Solving the Adviser Talent Shortage:
Diversity & Inclusion
Solving the Adviser Talent Shortage: Diversity & Inclusion
A career as an adviser can be equal parts prosperous and fulfilling. Advisers have the ability to make meaningful differences in clients' lives, not just by growing their assets but also by helping them reach their life goals. Advisers solve real-world problems using empathy and creativity. Particularly in the independent channel, advisers have the entrepreneurial opportunities, flexibility and control over who they serve and how they assign literal value to their time and services.
There's also a growing need for financial advice, especially among high-net-worth individuals. The number of wealthy individuals across the U.S. population has expanded significantly in recent years. Spectrem Group counted 9.98 million American millionaires in 2017, an increase of almost 600,000 from 2016's total(1). Then there's the trillions of dollars in the coming wealth transfer: Deloitte's Center for Financial Services expects $24 trillion to be transferred (after taxes) to younger generations over the next 15 years alone(2).
Why, then, is a there a well-documented talent shortage in the industry? With those anticipated wealth transfers and growing wealth among prospective clients, why don't more young people, women and minorities embrace this opportunity-rich career? Why does the popular image of an adviser remain stuck in the stereotype of a 1960s stockbroker--an older white man in a dark suit who alone can solve the mysteries of the stock market?
Hear from your peers about potential reasons for the disconnect:
On his first day at a wirehouse: “[Another adviser] says to me, 'I understood we hired an African-American, so I wanted to ask you, why are you here? This isn't for your people.' I was like, 'I don't, even understand what that means… what do you mean?' So [he said] 'Well, you know, African-Americans don't exist in this business, and there's not very much wealth for you to go after. Maybe you should focus on the churches, and you could get money that way from your clients.'” African-American male wirehouse adviser based in the Midwest
“I'm in this space in banking [after gaining her second master's degree], and I'm meeting all these young folks, and they're talking about their careers. I just wasn't into financials and folks in business school that were headed to Wall Street. They were always in their own world speaking their own language. When I met some folks, [I would] host parties and they said, 'You know everybody. You're always bringing people together. You really should consider a career in financial services.'” African-American female wirehouse adviser
“Not only are the clients aging but so are the advisers. And because a lot of people haven't entered the business, it's actually become more challenging to someone like me that still has another 20 years or 30 years or whatever to keep working…And for the business model to not be adapting as quickly…it's very restrictive in terms of what we can and can't do.” White female independent broker-dealer/RIA adviser based on the East Coast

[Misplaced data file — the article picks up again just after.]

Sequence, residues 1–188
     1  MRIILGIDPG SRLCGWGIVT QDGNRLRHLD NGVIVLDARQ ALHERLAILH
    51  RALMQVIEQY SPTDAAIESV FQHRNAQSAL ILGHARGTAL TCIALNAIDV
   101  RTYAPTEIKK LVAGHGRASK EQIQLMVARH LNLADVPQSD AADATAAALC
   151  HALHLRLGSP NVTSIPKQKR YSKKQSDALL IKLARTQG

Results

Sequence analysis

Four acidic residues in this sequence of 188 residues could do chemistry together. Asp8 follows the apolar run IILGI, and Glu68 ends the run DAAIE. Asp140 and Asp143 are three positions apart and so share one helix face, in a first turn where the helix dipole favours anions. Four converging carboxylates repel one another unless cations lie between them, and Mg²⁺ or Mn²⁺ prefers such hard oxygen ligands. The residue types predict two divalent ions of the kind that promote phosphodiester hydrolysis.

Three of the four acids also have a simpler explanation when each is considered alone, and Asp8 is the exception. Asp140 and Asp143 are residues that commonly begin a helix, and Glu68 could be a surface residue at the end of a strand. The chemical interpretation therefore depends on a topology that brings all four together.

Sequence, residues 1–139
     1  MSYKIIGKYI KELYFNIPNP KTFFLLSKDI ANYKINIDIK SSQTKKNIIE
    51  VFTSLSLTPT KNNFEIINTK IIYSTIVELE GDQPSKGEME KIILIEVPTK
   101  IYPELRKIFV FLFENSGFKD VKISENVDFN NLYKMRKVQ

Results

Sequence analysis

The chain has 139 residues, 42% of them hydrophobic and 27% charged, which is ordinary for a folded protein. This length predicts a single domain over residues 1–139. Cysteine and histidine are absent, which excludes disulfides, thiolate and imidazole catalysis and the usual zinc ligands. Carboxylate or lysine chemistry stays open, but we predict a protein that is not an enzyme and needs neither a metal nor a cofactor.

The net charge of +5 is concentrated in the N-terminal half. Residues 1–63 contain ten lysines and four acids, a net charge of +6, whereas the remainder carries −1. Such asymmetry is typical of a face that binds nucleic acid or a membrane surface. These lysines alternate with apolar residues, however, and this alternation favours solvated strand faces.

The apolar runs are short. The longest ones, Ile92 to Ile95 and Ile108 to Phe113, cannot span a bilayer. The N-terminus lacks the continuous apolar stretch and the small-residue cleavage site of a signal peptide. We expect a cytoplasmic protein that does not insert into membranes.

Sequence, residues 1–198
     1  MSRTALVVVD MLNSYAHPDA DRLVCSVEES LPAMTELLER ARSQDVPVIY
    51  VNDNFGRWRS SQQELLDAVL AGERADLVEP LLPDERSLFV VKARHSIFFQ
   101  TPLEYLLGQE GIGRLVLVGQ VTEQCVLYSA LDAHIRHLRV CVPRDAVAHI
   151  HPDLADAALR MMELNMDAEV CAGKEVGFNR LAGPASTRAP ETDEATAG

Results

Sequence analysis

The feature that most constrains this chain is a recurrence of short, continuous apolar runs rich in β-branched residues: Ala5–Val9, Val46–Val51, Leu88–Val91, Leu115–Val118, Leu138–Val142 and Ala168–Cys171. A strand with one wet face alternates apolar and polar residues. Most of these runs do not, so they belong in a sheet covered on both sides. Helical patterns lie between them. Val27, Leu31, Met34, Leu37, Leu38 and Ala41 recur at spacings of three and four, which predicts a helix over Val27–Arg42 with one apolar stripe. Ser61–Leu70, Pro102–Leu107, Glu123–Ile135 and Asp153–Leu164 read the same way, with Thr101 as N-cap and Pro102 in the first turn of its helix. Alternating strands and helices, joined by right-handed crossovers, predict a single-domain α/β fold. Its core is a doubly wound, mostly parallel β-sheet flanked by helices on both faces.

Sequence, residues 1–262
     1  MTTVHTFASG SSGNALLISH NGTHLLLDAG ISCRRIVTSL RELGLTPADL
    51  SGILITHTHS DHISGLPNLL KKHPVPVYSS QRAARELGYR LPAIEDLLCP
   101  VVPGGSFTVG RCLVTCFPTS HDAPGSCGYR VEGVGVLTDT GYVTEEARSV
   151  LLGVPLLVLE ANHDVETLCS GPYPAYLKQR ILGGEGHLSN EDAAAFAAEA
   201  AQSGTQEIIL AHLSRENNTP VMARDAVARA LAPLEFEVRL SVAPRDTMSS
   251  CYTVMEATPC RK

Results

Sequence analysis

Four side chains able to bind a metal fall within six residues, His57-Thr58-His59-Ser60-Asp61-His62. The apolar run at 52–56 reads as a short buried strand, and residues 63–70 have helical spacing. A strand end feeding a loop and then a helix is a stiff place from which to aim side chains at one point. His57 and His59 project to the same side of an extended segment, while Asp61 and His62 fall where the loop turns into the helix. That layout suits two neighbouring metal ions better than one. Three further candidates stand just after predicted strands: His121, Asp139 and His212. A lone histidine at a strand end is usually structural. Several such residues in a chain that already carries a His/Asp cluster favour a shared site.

If the aforementioned quotes help paint the problem of a lack of diversity in the industry, another adviser's words suggest how rethinking an adviser's role could attract a more diverse workforce to the industry:
“If you enjoy finances and helping people solve problems, but you want to have your own business with flexibility to do what you want to do or the hours you prefer to work, this is a good career.” White female wirehouse adviser based on the West Coast
These voices are of successful advisers who come from under-represented groups within the adviser industry. Whether the challenges they relayed were institutional or personal and made out of ignorance or hostility, they are a symptom of a broader problem. They also suggest the way toward future success in solving some of the industry's most vexing issues.
They came from participants in a two-fold Fidelity research effort to help define the adviser talent gap and explore the lack of diversity in the industry.
One part of that effort brought together 25 advisers across the spectrum of age, gender, race, ethnicity and sexual orientation into small, candid focus groups. The group participants shared stories of how they came into the industry and how they succeeded, often despite the challenges they faced as nontraditional advisers. Their voices helped inform the shape and scope of the research.
The complementary quantitative research, the 2018 Fidelity Talent and Diversity Study, surveyed 464 advisers across all channels, from RIAs to wirehouses. The goal was to document the adviser talent gap and gauge advisers' thoughts about the lack of diversity in the industry. (See "About the Research" at the end of this piece for more details.)
The findings of the overall research, we suggest, could uniquely guide the entire industry in addressing these dual challenges.
The quantitative findings from the 2018 Fidelity Talent and Diversity Study are stark: 68% of the advisers surveyed agreed that the industry is facing a talent shortage; 59% said it's a challenge for their firms to find talent and staff that fits their firms' needs; and only 37% of advisers said their firms do a good job at recruiting and hiring new advisers.
The qualitative focus groups are illuminating. Coming from women or racial and ethnic minorities or career changers, those advisers detailed the challenges they faced—and still face—as they journeyed along their differing career paths.